DAN KIBLER COLUMN: Hunters set coyote record in Stanly County

Published 4:26 pm Wednesday, March 8, 2023

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NCDMF wants speckled trout input

The N.C. Division of Marine Fisheries wants public input on how speckled trout should be managed. That’s supposed to be a good thing — a state agency taking public comment on how to run things — but it’s usually just a formality before the N.C. Marine Fisheries Commission weighs in on the side of commercial fishing interests.

Dan Kibler

NCDMF will hold public “scoping” meetings between March 13 and March 24 to “solicit input on potential management strategies” and “discuss stakeholder priorities” surrounding a proposed Amendment 1 to the N.C. Spotted Seatrout Fishery Management Plan.

The 2022 benchmark stock assessment is finished, and now the agency is going to decide how to implement it. Will recreational fishermen still be managed with a puny 4-fish daily creel limit, or will it get smaller? Will commercial fishermen be spared any reductions in catch quotas?

Four public meetings will take place: March 14 at N.C. State’s McKimmon Center in Raleigh, March 16 at the N.C. Cooperative Extension Agency in Barco, March 21 at the New Bern-Craven County Public Library in New Bern, and March 23 at Cape Fear C.C. in Wilmington. The meetings begin at 6 p.m. and will run two hours.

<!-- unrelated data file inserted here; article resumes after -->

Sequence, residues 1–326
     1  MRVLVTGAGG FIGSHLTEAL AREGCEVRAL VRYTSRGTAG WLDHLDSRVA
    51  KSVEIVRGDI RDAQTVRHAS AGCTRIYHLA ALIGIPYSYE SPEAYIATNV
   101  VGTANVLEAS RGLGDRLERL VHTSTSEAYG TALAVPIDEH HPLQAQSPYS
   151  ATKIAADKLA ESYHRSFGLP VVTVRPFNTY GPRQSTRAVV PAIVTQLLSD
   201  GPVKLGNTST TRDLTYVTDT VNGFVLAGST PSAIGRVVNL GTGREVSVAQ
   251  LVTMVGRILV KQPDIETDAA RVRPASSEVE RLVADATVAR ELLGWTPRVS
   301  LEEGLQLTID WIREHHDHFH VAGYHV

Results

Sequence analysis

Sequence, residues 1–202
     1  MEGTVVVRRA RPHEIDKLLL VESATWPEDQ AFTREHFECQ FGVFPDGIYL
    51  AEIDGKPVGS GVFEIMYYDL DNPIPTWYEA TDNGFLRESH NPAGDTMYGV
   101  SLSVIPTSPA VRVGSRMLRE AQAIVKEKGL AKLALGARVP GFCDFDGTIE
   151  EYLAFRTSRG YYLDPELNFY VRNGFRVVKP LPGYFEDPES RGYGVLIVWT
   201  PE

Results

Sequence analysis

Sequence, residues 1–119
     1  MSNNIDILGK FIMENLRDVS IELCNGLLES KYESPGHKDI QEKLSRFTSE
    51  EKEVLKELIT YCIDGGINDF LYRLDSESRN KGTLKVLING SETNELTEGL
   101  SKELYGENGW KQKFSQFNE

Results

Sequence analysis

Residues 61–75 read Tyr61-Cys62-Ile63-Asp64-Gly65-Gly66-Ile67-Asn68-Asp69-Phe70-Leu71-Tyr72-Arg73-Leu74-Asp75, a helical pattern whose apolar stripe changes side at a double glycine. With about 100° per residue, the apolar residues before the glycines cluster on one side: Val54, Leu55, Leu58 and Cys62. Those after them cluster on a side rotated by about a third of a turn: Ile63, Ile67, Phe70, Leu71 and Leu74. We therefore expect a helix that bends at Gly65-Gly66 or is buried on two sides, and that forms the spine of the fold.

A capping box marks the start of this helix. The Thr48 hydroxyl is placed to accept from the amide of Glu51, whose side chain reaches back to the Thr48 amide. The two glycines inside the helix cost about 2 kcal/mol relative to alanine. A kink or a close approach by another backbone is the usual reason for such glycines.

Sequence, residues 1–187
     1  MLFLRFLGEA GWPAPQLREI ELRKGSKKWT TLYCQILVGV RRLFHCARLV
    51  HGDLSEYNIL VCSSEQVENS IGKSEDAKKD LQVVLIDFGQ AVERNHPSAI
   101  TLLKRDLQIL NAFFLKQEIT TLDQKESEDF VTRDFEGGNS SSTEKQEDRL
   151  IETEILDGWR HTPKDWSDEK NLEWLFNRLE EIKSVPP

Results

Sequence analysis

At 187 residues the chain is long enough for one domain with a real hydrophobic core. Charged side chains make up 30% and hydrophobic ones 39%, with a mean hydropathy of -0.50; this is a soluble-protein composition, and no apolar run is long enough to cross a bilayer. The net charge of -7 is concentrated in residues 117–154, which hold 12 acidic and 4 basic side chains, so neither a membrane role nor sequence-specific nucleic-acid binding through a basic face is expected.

The Raleigh meeting will be available for public participation by web conference. Also, public comments are being accepted online at the NCDMF’s website and via snail-mail at NCDMF, Spotted Seatrout Scoping, P.O. Box 769, Morehead City, 28557. Comments must be received by 5 p.m. on March 24.

Coyote hunters set record in Stanly County

Coyote hunters broke another record — killing 424 coyotes in last month’s 10th annual Carolina Coyote Classic in Albemarle.

Leading the way as Team Red Lights — Ryan Borum, Nathaniel Brookbank and Jay Cox — who won the Coyote Derby by killing 27 songdogs, eight on Friday night and 19 on Saturday night. They won $2,500 in cash.

Team Ranger — Kyle Crickenberger, Jamie Terry and Tom Fuller — won $1,500 for taking second place with 26 coyotes.

Third place went to Team Logan — Josh and Alex Logan — with 24 coyotes, worth $1,000.

Team Huntersville Predator Control won the Fat Dog contest and $750 for taking the event’s heaviest coyote, a 44.86-pound specimen.

Dan Kibler has covered the outdoors since 1985 as outdoors editor of the Winston-Salem Journal and later as managing editor of Carolina Sportsman until his retirement in 2021.